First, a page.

When Calcio Ruled The World: Tomas Brolin

Tomas Brolin became a legend at Parma after signing from IFK Norrkoping after Italia 90. Featuring in the original Gialloblu side that swept Serie A by storm, he led the line from 1990 until 1995, before returning again in 1997. The Swedish frontman may not have resembled an athlete but he managed to captivate the crowds at the Stadio Ennio Tardini.

The £1.2m price tag was enough for the young Swedish forward to feel the pressure. He was known around the world after being one of the few impressive parts of Sweden’s World Cup squad. With Alessandro Melli played just behind Brolin, the pair shone in his first season. They scored 20 goals between them in Parma’s first season and even managed to help their team finish in the European places.

Faustino Asprilla, the flamboyant Colombian, was then brought to the club and the ungamely Swede was dropped. This could have been the beginning of the end but an injury to Asprilla allowed Brolin back into the squad and he proved his worth.

Brolin had performed well at the 1992 European Championship in Sweden and helped them reach the semi-finals, where they were knocked out by Germany. He famously scored a superb goal to knock England out in the final group game and his stock continued to rise.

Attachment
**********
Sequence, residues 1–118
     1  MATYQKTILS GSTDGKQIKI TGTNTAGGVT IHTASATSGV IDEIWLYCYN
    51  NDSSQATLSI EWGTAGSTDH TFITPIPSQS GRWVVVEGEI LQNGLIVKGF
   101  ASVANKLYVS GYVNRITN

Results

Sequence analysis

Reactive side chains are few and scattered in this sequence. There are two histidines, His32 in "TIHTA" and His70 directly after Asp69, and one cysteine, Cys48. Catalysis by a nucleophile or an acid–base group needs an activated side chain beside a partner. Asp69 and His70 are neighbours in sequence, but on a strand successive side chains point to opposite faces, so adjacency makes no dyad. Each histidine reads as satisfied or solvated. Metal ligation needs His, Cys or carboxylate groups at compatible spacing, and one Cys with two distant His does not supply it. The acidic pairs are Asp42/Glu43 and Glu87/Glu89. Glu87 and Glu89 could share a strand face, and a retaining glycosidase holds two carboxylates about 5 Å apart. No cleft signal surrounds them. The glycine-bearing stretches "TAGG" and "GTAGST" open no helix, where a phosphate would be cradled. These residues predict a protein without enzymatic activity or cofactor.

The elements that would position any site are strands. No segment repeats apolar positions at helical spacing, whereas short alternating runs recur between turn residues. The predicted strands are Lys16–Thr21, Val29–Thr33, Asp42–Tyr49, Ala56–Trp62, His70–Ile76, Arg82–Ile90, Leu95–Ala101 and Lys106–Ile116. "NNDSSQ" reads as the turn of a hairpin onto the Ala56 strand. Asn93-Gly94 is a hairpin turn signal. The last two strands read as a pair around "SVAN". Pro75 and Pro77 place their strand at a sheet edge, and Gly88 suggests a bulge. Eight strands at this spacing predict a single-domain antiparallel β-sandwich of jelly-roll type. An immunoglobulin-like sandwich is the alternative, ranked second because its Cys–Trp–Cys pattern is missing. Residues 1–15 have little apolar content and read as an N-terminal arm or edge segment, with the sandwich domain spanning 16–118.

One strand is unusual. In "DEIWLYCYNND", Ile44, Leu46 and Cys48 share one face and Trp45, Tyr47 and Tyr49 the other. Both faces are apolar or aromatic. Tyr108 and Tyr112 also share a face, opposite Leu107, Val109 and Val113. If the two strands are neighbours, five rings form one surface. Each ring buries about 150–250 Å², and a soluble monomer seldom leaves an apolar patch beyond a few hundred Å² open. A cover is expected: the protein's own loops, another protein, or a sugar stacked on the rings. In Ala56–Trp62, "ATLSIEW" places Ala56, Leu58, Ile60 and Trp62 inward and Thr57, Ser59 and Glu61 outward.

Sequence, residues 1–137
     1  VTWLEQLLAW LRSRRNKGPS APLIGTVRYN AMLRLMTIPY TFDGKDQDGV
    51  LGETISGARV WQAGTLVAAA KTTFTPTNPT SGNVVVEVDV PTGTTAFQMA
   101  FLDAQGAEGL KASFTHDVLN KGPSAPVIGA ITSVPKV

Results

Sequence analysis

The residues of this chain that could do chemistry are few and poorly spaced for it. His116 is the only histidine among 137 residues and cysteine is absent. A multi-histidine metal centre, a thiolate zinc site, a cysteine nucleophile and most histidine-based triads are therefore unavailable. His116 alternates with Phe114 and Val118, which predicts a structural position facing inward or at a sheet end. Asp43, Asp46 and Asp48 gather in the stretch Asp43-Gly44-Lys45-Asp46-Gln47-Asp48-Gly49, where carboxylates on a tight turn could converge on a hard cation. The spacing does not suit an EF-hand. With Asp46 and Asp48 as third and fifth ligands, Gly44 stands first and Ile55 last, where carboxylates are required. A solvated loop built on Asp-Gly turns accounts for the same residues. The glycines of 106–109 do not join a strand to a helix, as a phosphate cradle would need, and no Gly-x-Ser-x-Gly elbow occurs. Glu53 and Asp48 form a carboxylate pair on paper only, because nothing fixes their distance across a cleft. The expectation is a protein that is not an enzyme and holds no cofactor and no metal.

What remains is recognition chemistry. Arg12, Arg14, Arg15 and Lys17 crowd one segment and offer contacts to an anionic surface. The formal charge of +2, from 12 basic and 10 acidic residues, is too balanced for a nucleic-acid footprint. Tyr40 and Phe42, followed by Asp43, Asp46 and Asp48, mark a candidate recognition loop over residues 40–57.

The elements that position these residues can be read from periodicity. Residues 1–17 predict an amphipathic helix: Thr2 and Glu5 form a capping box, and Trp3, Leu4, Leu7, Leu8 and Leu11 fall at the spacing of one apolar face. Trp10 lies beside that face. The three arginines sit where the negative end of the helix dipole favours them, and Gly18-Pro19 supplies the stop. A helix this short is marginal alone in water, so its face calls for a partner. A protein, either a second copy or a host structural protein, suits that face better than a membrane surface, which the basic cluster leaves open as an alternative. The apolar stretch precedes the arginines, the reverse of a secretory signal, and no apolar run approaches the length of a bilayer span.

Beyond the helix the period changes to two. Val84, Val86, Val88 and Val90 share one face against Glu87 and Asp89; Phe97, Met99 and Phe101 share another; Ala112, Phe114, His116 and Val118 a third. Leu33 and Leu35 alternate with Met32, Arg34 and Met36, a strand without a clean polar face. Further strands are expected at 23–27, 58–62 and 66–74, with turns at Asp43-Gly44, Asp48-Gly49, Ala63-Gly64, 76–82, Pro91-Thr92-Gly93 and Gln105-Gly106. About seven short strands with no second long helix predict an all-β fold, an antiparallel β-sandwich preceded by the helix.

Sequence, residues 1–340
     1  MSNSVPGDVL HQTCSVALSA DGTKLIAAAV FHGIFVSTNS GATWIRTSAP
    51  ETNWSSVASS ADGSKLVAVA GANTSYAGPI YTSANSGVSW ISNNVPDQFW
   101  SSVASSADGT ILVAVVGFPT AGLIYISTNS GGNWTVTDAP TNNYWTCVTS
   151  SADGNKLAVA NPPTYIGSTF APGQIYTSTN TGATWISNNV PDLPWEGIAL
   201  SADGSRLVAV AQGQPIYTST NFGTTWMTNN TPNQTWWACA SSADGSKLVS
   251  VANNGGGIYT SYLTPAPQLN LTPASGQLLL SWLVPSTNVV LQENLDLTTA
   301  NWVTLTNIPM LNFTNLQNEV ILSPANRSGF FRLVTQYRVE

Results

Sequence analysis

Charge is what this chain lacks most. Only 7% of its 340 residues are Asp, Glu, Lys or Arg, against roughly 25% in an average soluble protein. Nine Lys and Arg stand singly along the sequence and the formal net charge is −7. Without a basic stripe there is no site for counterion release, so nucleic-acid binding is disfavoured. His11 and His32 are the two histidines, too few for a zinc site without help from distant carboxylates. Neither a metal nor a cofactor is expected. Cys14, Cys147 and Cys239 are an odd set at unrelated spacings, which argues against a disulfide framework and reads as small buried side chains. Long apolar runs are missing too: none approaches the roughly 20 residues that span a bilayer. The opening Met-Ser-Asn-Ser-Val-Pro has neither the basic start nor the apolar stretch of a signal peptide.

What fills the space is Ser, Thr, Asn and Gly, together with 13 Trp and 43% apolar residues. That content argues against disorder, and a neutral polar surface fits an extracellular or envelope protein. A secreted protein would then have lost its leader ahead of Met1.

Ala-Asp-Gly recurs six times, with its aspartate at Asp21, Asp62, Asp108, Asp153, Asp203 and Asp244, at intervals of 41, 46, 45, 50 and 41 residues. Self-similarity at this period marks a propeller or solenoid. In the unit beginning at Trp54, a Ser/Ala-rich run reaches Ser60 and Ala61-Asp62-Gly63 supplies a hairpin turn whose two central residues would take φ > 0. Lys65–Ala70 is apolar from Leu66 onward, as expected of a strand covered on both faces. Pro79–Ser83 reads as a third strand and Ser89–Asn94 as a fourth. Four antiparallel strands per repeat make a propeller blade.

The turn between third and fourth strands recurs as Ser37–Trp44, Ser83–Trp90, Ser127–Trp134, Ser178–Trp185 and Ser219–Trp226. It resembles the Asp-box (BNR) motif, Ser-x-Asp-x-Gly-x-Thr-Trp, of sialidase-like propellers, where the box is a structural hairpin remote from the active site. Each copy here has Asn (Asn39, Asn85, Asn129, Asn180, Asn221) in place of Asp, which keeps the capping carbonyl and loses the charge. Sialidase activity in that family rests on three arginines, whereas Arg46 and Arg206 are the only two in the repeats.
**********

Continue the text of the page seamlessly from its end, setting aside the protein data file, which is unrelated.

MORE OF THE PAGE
The emergence of Gianfranco Zola once again displaced Brolin, until Parma manager Nevio Scala asked him to drop into midfield. It was perhaps a surprise how easily Brolin adapted to his new position. Parma secured another high finish in the division and Brolin was exceptional. Their season culminated in defeat to Arsenal in the Cup Winners’ Cup final but this did not take away what the Swede had done.

Brolin was now a household name in Serie A and abroad. His technique, strength, range of passing and eye for goal were all complimented by his adaptability and character. He was one of the stars of USA 94, scoring three times in Sweden’s incredible run. He made the team of the World Cup and his performances led Swedish journalist Rikard Aberg to conclude that:

“Romario scored goals, but Brolin was the better overall footballer. Brolin could score too, but he was the engine and the brain of the Swedish team back in 1994. If you would ask anyone in Sweden, they would tell you Brolin’s the best Swedish player ever. He was best player in the world in those days, period.”

Things fell apart for Brolin after the World Cup. He sustained a serious ankle injury in November 1994 and Parma signed the legendary Hristo Stoichkov for £6.5m in 1995. Brolin had battled against good players in the past but his injury and the calibre of his replacement meant his time as soon up. Sold to Leeds United in 1995, he never recaptured his form. Despite returning to Parma on loan in 1997, his story was over.

He was never a prolific goalscorer but he was an intelligent frontman who gave Parma and Sweden his best years. When calcio ruled the world, Brolin was the conductor of a mythical front-line.

Words by Richard Hall: @Gentleman_Ultra